John Calipari would be highly marketable, said the managing director of IMG College, which has the sports-marketing contract with the University of Kentucky.
"He's a nationally known coach with a great record and a marketable personality," said Tom Stultz, senior vice president of IMG College. "I think he would be a great spokesperson for a lot of companies here. "
In an agreement signed in 2004 that structured one of the largest media deals in the country, IMG College pays UK about $8 million a year for the rights to broadcast UK's games and to handle radio and television appearances and endorsements by its coaches, among other things.
Under the "memorandum of understanding" that Billy Gillispie signed with UK, he received $1.9 million out of the $8 million annually for appearing on radio and TV shows and making endorsements. That amount escalated by $50,000 each year.
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Under the deal with IMG, Gillispie made endorsements for Paul Miller Ford/Mazda, Central Bank, the Kentucky Department of Transportation, Kroger, Nurses Registry, UK HealthCare, Sal's Chop House/Malone's and Windstream, said Stultz.
"When Billy worked with the sponsors, he did what he had to do and did it OK," said Stultz.
But Stultz said that local companies weren't vying for the opportunity to be a sponsor or receive an endorsement from Gillispie.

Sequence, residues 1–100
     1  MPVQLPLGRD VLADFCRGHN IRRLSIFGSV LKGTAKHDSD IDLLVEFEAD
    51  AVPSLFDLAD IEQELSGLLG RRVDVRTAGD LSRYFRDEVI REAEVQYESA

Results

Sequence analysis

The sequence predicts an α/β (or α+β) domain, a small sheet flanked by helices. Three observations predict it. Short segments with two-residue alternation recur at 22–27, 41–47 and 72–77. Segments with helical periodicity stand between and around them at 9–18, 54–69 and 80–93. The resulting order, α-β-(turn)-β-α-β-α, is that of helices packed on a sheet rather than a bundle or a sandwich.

"I don't know if it was him or the team's performance or even the economy. There was not the appetite or the pressure building for more people to step in and secure endorsements and sponsorships," said Stultz.
He said a winning team and a well-received coach would inevitably draw sponsors.
"We would anticipate that a hire of an individual that captures the fascination of the hearts and minds of the Kentucky fan base would be very marketable," said Stultz. "If that's the case, we would certainly hope that we could increase our revenues and be able to share some of those revenues with the University of Kentucky."
Under IMG's contract, UK shares in IMG's profits after the revenues reach a certain threshold.
"There is certainly an appetite for somebody who is very marketable," Stultz said, "and has a passion for Kentucky and really wants to be here and can return some of the swagger."